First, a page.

else if (instr == x2) goto y2; else … Goto y2 == MPC = y2 What if x1 == y1 x2 == y2 ? Then just: MPC = instr; if (!JMPC) { MPC0-7 = ADDR0-7 MPC8 = (JAMZ & Z) + (JAMN & N) } else { MPC = MBR MicroArch: PC = MPC IR = MIR IJVM: PC = OPC IR = MBR I want to spend a bit more time on the microprogram address logic, as this is crucial to understanding this chapter and the microcode we will study later. What’s the problem? Instruction decode. In general, in a microprogrammed machine we expect to see “software” for each part of instruction execution. Remember we talked earlier about fetch, decode, op-fetch, execute, result-store. Well, we are focusing, for the moment, on decode. Remember also that most cpus’ will have at least two dedicated registers: the program counter and the instruction register. Since we are dealing with two cpus (!), we shold expect to see two sets of these. MPC and MIR are the micro-level program counter and instruction register. MAR and MBR are the IJVM-level program counter and instruction register. So here is the problem. Suppose MBR holds a 0x36 (WHAT IS this? 36 hex = 54 decimal = B) How do we “decode” this? Decode means figure out what to do (not actually do it, yet). In the quiz we did this via an if statement: if (opcode == xx) {…} else if (opcode == yy) {…} else … This is slow. Even if the opcode is at the front of the list, as we will see, doing a compare to a constant is going to take several microinstructions, and we might have to do many (20 IJVM instructions) So - here is the idea. Let’s recode our Java as if (opcode == x1) goto y1 else if (opcode == x2) goto y2 (note this is really if (opcode == x1) then MPC = y1 else if (opcode == x2) then MPC = y2… Now, suppose we can arrange the IJVM language and where we put routines for each IJVM instruction in microstore such that x1 == yi, x2 == y2, and so on for ALL IJVM instructions? Then, we can replace the whole chunk of code with: MPC = INSTR.

9 IJVM Stack Architecture Memory Model The ISA Basic instructions
Procedure invocation

10 IJVM - a stack architecture
Public int funnyFunc(int m, int n) { int a; if (n == 0) return 1; else a = funnyFunc(m, n-1); return m*a + n; } mPowerN(3, 2); ? 3*funnyFunc(3,1)+2 3*(3*funnyFunc(3,0)+1)+2 3*(3*1+1)+2 14 A N M Stacks: What is a stack? Like a stack of dishes: you put things on the top, you take things off the top. Two uses for stacks: (1) local variables during procedure calls. (2) arithmetic operations. Local variables: methods can refer to local variables. Consider: Public int funnyFunc(int m, int n) { int a; if (n == 0) return 1; else a = funnyFunc(m, n-1); return m*a + n; } First idea: assign every local variable a fixed location in memory. Try executing above: problem - first by hand - right answer is (((3*1)+1)*3)+2 = 14 next with fixed addrs for m, n, a note that n gets overridden and you get wrong answer! Alternative: assign a fresh copy of variables for each invocation. Go through how this would work. Introduce notion of an LV pointer. - now instead of hard addresses for local variables, they are Referred to as offsets of local Variable base address. Side benefit: more efficient memory use, since all procedures aren’t in use at once: only assign memory when procedure is called.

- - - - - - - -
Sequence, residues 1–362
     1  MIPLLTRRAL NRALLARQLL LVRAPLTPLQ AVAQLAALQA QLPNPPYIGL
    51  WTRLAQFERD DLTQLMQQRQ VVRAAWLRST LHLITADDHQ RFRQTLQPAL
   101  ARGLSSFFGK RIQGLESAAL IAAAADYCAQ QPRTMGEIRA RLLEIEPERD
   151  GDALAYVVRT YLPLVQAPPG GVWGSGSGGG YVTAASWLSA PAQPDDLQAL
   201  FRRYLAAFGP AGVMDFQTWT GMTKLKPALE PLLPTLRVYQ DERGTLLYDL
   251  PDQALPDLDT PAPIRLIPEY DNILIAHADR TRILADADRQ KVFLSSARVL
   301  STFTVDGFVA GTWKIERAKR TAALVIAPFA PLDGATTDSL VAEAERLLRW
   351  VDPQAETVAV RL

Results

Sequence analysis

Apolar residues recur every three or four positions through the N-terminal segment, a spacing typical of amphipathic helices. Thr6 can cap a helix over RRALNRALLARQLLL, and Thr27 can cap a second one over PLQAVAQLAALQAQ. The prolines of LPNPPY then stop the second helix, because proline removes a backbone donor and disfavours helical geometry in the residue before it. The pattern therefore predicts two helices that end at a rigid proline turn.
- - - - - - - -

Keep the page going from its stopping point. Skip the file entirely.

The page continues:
11 IJVM - a stack architecture II
m*a + n; 3 *4 + 2 Load m Load a Multiply Load n Add How do we do this? Stack execution model of operand management Load m Load a Multiply Load n Add Notice t his is different problem than we addressed earlier, but same basic solution. Can we combine?

12 IJVM Stack Architecture III
m*a + n; 3 *4 + 2 Public int funnyFunc(int m, int n) { int a; if (n == 0) return 1; else a = funnyFunc(m, n-1); return m*a + n; } LV is base address for local variables in current method SP is base addrress of next free entry in stack - 1 Step through funnyFunc one last time. FunnyFunc (3,2) - LV at bottom, three for local vars, then call to funnyFunc(3,1) again three for local vars, then call to funnyFunc(3, 0) again three for local vars, then return 1 (set a to 1) back at (3,1) - push M on stack, push A on stack, *, push n, add back at (3, 2) - set a to result push M, pushA, *, push N, add. return Load m Load a Multiply Load n Add

13 IJVM Memory Model Public int funnyFunc(int m, int n) { int a;
if (n == 0) return 1; else a = funnyFunc(m, n-1); return m*a + n; } Load m Load a Multiply Load n Add Ok, so we have seen that local variables are not referenced as absolute addresses to main memory, but rather as offsets from a current LV base address managed by the IJVM ISA. There are two other base addresses: CPP is the base address for all the constants in the program. A separate base address protects them from being modified, one standard way to cause “unintended” consequences (ie, either a bug or a hack). PC is the base address for code, another chunk of stuff that (usually) shouldn’t be modified, except, in Java’s case, by dynamically loading classes at run-time. 1

14 Java -> IJVM Example
We now know enough to actually map some java code to real IJVM instructions. Top left is java Below is IJVM assembler Top right is actual hex for the first few insructions. Note loads and stores as expected. Note upper right: j is local var 2, k is local var 3, I is local var 1 Note also BIPUSH - constant is loaded directly from instruction, rather than constant area. Why - faster - why load address of data when you can load data directly. Constant area used for longer things like character strings.

15 IJVM Procedure Invocation